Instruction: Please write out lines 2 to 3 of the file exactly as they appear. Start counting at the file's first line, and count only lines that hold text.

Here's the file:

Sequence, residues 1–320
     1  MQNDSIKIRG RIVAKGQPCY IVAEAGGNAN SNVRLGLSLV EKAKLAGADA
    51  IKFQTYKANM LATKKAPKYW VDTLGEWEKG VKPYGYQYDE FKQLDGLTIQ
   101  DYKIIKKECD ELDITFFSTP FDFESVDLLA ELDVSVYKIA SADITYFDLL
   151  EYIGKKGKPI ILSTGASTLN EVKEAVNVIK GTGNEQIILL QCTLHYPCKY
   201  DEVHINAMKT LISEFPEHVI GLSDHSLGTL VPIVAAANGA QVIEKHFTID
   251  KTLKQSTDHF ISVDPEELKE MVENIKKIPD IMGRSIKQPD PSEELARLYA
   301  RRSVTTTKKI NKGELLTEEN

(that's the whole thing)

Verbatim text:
     1  MQNDSIKIRG RIVAKGQPCY IVAEAGGNAN SNVRLGLSLV EKAKLAGADA
    51  IKFQTYKANM LATKKAPKYW VDTLGEWEKG VKPYGYQYDE FKQLDGLTIQ